This shift has been desperately needed for some time. While we didn’t need a pandemic, we did need a wake-up mind-shift. Your region, the American Baptist Churches of Wisconsin, is experiencing this shift. My goal is to spend less time in my office over the next year and instead spend more time in your churches, meeting with your pastors and lay leaders, and cultivating this new harvest in this new season of growth.
I’m encouraged! I see so many opportunities for growth and change happening in our churches, large and small, rural and urban. I see models of intentionally inclusive ministry in multicultural settings. I have experienced the love and care of your ministries that reach the most vulnerable in our state. The hospitality and welcome you all have shared with me is an extension of the love you share for one another and for those whom we have yet to meet. Some of our churches and leaders have the ability to be examples and teachers for us. I hope we will create opportunities to learn from each other in the next year.
In this Easter season, may we know the harvest is plentiful, even if it’s just beginning to sprout forth. As we travel through this “pre-post-Covid” time, navigating the changes and precautions to protect the most vulnerable while moving forward, may we look to the new life Christ has sown among us. May we help one another grow, moving away from inward surviving to outward thriving.
Rev. Mindi Welton-Mitchell
Please see a letter of recommendation from the current elected officials of ABW of WI.
On Saturday, March 5, 2022, Underwood Memorial Baptist Church hosted our first event supported by the New Wineskin Events Grant called Authentic Diversity. Authentic Diversity was an online event in partnership with Rhonda Hill of Race and Faith, Emerald Mills of Diverse Dining, and the Wisconsin Council of Churches. Fifty registrants gathered for just over three hours. We began with a grounding worship service. We then learned about the difference between working as an “actor,” an “ally,” or an “accomplice” in racial justice work. We spent time in small groups digesting what we were learning and ended the day with a panel that included local activists, political leaders, and clergy. All in all, it was a great day and was appreciated by all involved.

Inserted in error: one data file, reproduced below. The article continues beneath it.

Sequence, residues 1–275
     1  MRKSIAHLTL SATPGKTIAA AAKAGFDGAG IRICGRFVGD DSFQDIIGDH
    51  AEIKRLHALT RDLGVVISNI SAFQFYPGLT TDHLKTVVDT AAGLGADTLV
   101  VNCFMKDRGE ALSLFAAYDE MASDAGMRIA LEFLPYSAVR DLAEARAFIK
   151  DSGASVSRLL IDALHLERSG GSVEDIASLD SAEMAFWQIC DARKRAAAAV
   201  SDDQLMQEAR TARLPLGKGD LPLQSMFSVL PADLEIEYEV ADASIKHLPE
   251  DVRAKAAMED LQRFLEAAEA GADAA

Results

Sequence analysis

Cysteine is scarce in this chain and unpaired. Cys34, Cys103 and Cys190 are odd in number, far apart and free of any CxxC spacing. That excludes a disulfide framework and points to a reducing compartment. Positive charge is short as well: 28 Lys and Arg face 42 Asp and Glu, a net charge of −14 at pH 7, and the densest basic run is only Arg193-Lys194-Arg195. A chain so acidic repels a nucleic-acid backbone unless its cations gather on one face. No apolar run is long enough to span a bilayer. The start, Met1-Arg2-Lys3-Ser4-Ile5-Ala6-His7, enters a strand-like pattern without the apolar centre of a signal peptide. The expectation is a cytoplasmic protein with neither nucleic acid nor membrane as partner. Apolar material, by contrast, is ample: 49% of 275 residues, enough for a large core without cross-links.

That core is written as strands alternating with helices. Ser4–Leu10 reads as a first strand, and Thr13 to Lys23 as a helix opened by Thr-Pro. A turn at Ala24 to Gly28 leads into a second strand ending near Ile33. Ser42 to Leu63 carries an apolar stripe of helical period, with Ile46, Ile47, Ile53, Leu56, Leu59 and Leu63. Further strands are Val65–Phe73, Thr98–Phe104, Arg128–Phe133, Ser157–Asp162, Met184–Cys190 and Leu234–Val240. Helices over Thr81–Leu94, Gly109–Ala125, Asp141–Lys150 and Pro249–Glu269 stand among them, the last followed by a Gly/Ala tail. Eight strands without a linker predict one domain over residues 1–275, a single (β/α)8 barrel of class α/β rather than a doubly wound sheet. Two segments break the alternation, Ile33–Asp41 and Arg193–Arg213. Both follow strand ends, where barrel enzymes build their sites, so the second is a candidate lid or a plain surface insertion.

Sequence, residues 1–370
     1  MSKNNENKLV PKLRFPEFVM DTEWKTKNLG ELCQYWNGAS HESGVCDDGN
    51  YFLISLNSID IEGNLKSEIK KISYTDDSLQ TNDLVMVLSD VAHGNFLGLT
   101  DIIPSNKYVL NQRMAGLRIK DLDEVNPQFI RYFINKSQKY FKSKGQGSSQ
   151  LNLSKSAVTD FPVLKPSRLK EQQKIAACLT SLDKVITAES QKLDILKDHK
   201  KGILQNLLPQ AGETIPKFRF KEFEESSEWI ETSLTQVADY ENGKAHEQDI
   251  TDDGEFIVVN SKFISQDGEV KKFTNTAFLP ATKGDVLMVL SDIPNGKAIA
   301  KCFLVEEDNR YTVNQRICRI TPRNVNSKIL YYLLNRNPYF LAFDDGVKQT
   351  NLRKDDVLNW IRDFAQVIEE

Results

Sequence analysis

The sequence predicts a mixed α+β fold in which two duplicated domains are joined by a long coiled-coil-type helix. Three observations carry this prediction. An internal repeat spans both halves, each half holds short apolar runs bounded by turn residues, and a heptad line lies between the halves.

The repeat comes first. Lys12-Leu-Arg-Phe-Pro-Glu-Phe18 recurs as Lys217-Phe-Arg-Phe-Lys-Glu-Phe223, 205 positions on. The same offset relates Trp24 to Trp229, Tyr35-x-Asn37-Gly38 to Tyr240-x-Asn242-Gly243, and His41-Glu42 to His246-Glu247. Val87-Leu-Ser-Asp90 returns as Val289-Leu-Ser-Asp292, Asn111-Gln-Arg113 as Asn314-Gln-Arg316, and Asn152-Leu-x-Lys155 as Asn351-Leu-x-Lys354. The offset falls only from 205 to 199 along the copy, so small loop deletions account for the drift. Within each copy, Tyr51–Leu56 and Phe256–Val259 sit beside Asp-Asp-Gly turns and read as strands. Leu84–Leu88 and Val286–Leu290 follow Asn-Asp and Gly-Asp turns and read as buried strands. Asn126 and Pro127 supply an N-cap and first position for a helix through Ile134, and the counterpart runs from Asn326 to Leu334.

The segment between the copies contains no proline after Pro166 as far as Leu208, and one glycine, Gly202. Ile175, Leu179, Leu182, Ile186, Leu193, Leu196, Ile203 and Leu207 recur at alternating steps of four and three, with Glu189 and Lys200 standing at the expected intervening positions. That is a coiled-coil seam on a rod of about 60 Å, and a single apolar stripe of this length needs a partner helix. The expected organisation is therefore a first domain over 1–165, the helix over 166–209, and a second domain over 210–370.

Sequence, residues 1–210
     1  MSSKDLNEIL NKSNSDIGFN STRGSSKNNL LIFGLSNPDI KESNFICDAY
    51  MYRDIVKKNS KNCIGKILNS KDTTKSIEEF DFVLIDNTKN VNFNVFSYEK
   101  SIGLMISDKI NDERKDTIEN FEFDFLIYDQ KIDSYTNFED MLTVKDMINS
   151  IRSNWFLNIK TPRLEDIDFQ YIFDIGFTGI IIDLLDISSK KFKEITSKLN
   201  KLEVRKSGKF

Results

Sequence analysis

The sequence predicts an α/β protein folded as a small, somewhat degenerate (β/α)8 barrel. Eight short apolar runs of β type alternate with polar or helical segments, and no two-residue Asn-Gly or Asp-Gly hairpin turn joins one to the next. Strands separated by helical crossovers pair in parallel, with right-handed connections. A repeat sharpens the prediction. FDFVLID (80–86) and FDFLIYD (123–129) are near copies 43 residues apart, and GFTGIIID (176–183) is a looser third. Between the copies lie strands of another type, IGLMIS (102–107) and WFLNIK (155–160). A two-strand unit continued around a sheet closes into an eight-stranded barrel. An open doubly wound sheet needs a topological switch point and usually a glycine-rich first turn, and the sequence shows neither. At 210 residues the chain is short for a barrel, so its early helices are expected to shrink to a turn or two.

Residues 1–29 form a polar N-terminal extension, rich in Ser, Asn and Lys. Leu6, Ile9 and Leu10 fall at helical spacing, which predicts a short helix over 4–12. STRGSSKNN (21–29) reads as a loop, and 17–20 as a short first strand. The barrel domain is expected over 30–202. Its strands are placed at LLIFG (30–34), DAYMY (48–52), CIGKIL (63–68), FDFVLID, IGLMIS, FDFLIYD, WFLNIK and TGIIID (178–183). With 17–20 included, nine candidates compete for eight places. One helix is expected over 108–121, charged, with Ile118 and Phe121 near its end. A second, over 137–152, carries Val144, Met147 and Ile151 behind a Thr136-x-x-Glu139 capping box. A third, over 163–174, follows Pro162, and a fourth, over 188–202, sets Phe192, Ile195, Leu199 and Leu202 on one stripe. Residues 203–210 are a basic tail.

Thank you to the Finance Committee and the New Wineskins grant for making it possible. We will begin planning our next event in the coming months.
Rev. Jim Carlson, Ph.D. has retired from ministry. For the last 6 years, Jim has served as the Hispanic Liaison for ABC of Wisconsin. In this unique role, Jim worked with the leadership of the four Hispanic congregations in the region: Kenosha, Iglesia Bautista El Calvario; Racine, Iglesia Bautista Renacer; Milwaukee, Iglesia Evangelica Bautista and the Hispanic Congregation of First, Waukesha. This past year, he has also been working closely with Milwaukee, Smyrna, one of the Karen congregations. In these and many other ways he has been serving the region as a valuable staff member.
Jim is a longtime friend of the region, having served as pastor of Waukesha, First from 2001 to 2012. We wish Jim all the best and extend heartfelt thanks for his ministry.
The following is a piece composed by the pastor of Iglesia Evangelica Bautista, Rev. José Encarnación. Pastor Encarnación is the director of the Hispanic Lay Institute, where he and Jim taught all of the classes.
Sobre Jim Carlson
Conocí a Jim Carson hace muchos años en República Dominicana. En ese tiempo Jim iba a mi país como líder de jóvenes en viajes misioneros.